The number of clumps is intriguing, especially if this is really a high number for clump-cluster galaxies. Simulations like the one in the Elmegreen paper do show numbers of clumps in the disk that are on the order of a dozen or so. More clumps would indicate either that the disk is more massive (and producing more star-forming clumps as a result), or that the mass function of the gas isn't doing what we predict. One likely way of reconciling this with predictions is to change the magnitude of effects like supernovae, black hole/AGN feedback, or star formation. Counting clumps like this is important - if anyone has higher-multiplicity numbers that they've seen in a caterpillar or clump cluster galaxy, let us know!

As PeterD suggests, more data is always useful for this. I'd especially like to see if we can get rest-frame infrared observations of Bigfoot-type galaxies, which are better at revealing older stars that are making up the majority of the growing bulge. Hubble and the new images we'll be getting in upcoming Zoos will hopefully provide analogues to this.

Great discussion - let's keep it going!

- Kyle Willett
GZ science team

elizabeth

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Re: Thursday July 12 2012; Meet BigFoot
« Reply #8 on: July 12, 2012, 06:30:09 pm »
 ;D  8) 8) OOTD

Infinity

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Re: Thursday July 12 2012; Meet BigFoot
« Reply #9 on: July 13, 2012, 01:17:55 pm »
That's one giant step... 8)

c_cld

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Re: Thursday July 12 2012; Meet BigFoot
« Reply #10 on: July 13, 2012, 03:45:30 pm »
archetypal “clumpy irregular” galaxy NGC 7673

Kinematics and Structure of the Starburst Galaxy NGC 7673 Redshift:  0.011368
SDSS J232741.04+233520.3 1237678579288637459

previous post by elizabeth in "Gotta love these blues " http://www.galaxyzooforum.org/index.php?topic=204.msg535631#msg535631


from HLA hst_06870_02_wfpc2_f814w_f555w_wf
« Last Edit: July 13, 2012, 03:47:41 pm by c_cld »

PeterD

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Re: Thursday July 12 2012; Meet BigFoot
« Reply #11 on: July 13, 2012, 05:50:45 pm »

          I'll combine questions i-iii somewhat. I don't consider there to be a significant distinction between caterpillars and the clump cluster galaxies. As many of you know (and has been mentioned on the other threads), the leading theories for these galaxies are that they're gas-rich clumps in a disk. The ones we observe at this stage are beginning to interact gravitationally, losing angular momentum and falling to the center of the galaxy where they'll contribute to bulge formation. Analysis of both chain-type galaxies and clump clusters from Hubble surveys, especially the deep field, suggest that they are the same type of object viewed from different orientations (eg, Dalcanton et al. 1996 http://arxiv.org/abs/astro-ph/9604157; Elmegreen et al. 2005 http://arxiv.org/abs/astro-ph/0508216). However, if we had enough collections of clump galaxies with different colors or big velocity dispersions above a normal disk plane, that might not be true for all the galaxies we've been classifying.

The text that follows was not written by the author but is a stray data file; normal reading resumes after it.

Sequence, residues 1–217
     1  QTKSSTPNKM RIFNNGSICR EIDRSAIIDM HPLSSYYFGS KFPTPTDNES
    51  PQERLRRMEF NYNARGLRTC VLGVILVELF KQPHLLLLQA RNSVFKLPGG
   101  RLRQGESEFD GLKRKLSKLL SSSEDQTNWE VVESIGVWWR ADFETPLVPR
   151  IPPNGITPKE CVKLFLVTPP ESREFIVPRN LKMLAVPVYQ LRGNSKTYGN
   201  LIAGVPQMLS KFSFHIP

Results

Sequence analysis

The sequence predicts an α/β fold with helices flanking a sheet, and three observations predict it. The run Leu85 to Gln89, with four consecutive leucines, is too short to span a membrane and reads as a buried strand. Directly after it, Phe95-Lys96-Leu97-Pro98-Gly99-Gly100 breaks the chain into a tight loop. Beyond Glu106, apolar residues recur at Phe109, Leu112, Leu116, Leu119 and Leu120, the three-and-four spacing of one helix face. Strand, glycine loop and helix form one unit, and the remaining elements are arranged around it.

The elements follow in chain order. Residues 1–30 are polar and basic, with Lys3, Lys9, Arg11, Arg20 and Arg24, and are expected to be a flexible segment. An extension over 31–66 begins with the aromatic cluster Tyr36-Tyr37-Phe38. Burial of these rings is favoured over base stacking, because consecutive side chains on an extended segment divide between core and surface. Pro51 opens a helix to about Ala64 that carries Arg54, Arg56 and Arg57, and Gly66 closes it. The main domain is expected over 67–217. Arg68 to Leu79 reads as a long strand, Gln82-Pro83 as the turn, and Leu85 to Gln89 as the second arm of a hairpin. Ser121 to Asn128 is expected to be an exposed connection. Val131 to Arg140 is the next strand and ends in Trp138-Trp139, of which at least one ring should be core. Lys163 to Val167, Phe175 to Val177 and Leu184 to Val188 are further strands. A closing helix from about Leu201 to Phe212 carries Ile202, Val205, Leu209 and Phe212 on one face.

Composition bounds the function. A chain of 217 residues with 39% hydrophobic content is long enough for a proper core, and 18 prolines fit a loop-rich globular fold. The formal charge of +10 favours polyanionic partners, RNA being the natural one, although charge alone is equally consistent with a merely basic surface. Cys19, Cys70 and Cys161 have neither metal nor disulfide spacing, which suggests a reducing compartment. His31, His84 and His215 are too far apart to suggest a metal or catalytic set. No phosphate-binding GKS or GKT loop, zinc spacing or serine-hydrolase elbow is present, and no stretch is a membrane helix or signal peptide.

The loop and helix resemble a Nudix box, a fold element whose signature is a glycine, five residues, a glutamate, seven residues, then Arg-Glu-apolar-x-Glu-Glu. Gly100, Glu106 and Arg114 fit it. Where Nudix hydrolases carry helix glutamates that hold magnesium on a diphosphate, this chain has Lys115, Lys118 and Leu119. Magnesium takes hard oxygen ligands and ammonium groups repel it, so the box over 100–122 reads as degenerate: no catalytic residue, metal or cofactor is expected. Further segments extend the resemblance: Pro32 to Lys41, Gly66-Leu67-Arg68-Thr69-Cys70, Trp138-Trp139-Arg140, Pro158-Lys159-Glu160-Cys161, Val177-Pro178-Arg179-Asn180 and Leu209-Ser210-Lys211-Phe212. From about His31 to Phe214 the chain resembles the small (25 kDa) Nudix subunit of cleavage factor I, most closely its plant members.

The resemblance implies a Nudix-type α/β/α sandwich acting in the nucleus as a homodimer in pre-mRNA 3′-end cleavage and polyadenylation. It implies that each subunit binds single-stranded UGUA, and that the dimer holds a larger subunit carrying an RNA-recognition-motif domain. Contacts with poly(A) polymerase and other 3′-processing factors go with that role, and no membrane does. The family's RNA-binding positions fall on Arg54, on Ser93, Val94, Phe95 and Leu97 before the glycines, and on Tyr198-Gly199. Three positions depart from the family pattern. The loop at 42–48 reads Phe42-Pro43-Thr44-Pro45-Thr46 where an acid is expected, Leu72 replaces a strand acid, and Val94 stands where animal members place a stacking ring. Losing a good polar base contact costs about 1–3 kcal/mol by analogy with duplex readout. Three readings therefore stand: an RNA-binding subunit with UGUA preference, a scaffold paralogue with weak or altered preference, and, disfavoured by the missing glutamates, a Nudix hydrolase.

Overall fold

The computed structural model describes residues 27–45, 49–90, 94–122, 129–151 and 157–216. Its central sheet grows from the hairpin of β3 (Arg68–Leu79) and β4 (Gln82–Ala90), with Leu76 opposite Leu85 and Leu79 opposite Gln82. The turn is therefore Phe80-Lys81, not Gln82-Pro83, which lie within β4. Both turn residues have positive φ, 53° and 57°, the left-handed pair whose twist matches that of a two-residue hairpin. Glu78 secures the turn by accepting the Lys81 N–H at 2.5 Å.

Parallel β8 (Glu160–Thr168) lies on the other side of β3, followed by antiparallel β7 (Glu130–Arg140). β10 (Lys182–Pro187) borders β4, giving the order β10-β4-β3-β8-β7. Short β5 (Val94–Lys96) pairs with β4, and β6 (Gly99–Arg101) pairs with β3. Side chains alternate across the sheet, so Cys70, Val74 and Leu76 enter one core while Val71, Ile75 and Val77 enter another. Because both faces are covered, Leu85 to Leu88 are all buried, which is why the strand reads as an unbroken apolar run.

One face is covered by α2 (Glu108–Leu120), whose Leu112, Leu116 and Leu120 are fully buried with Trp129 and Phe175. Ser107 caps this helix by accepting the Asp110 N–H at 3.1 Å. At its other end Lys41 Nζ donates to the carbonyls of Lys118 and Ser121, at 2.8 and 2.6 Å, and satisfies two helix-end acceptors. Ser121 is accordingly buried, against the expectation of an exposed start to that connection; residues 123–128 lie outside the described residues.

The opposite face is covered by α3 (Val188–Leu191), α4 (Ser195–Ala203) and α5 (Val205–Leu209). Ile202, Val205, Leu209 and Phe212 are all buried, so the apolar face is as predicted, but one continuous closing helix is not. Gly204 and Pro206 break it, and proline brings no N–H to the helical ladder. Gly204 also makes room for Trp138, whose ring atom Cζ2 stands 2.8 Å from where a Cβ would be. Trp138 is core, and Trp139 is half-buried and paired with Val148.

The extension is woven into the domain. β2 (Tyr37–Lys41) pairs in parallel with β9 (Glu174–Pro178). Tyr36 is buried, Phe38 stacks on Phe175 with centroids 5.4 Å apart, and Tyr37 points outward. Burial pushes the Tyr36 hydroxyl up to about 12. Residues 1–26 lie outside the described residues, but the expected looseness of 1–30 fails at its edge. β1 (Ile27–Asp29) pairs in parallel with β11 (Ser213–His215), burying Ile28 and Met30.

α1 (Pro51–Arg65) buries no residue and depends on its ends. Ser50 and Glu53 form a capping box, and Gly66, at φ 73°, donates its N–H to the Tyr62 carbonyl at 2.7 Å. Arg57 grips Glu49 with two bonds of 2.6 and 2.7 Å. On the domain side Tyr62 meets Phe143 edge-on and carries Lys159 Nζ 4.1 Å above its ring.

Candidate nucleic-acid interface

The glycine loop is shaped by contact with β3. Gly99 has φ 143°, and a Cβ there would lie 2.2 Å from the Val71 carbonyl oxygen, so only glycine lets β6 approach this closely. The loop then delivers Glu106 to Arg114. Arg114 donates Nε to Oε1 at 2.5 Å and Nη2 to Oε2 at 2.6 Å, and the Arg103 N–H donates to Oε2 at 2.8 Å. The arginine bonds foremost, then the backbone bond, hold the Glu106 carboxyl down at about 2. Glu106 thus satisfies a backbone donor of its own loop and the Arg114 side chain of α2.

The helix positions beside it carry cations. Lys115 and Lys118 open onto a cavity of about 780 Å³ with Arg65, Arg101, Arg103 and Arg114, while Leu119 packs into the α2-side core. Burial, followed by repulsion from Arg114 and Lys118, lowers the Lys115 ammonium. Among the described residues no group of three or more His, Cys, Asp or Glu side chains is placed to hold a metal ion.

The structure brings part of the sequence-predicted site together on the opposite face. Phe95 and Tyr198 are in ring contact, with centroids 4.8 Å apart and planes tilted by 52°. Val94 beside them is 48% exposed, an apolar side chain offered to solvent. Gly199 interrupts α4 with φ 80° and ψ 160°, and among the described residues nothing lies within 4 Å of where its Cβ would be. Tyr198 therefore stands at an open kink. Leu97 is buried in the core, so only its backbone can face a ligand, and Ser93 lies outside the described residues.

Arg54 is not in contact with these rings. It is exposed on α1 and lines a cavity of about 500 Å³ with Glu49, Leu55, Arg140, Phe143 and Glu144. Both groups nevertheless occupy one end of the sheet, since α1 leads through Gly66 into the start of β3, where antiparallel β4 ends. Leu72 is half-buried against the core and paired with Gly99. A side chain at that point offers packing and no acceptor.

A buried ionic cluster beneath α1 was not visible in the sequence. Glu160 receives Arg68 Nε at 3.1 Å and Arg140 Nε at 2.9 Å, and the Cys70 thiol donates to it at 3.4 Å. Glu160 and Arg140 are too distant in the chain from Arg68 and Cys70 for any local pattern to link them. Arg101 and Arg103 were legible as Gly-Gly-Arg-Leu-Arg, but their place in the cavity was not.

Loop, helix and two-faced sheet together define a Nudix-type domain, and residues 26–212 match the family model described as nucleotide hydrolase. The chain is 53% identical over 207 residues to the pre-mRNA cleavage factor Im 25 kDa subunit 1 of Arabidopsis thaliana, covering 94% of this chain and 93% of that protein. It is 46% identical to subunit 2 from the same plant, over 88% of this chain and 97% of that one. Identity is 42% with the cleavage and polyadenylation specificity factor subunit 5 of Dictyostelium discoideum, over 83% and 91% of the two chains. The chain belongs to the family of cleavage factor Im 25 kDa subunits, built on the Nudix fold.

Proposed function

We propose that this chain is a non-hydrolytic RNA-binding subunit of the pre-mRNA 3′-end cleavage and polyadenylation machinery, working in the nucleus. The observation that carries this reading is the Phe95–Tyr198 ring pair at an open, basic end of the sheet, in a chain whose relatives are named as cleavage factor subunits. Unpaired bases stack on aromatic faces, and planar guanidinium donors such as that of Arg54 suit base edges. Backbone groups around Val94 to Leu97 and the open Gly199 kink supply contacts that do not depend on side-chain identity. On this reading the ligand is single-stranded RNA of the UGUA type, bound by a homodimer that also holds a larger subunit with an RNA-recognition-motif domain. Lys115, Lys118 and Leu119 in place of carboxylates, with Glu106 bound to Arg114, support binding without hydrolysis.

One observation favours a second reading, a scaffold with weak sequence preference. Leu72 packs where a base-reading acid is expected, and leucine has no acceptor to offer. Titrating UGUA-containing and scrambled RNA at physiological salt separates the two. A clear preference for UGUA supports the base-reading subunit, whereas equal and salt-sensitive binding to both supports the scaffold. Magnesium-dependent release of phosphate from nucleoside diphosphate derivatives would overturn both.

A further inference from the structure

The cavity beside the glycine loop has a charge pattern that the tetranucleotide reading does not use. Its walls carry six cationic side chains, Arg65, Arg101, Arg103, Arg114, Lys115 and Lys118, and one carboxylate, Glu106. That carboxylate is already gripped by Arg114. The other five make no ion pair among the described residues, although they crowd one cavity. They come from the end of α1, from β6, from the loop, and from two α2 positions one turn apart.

OK let me take up this thread. I started "collecting" Caterpillars - or as I call them Blue Blobby Objects (BBOs) - in part  because I couldn't see what they (BBOs) are - and partly because I have always been interested in irregulars and LSBGs in particular. There must be a number of them that do fit into the Elmegreene classification, perhaps even the majority of them. However as you can see from the Caterpillars thread there are a number of them that are don't appear co-planar, unless you assume that you are "looking straight down" on them. and indeed where the association is not as tight as the Elomegreene papers would suggest. Unfortunately for most of these objects - and in fact I can only think of one or two exceptions - there is no significant spectroscopic data at least at first glance. Asa result it is dfifficult to say what they are, what their masses are and so on. There is hope however that work such as Kevin's (referred to above) may be able to provide at least some of the information we need to understand what these BBOs are. As I said more data is always needed.



          The relation to the Green Peas is less clear. Peas do show clumpy structure related to star-forming clouds in the high-resolution HST images, and on similar size scales of a few kpc across for the whole galaxy. The main questions you suggest really come down to stellar mass and metallicity, for me - we know that Peas really are metal poor, and a good test of whether these are similar beasts would be to carefully measure the nitrogen/oxygen and oxygen/hydrogen ratio in these galaxies. Stellar masses also would give us an indication of where they fall compared to Bigfoot.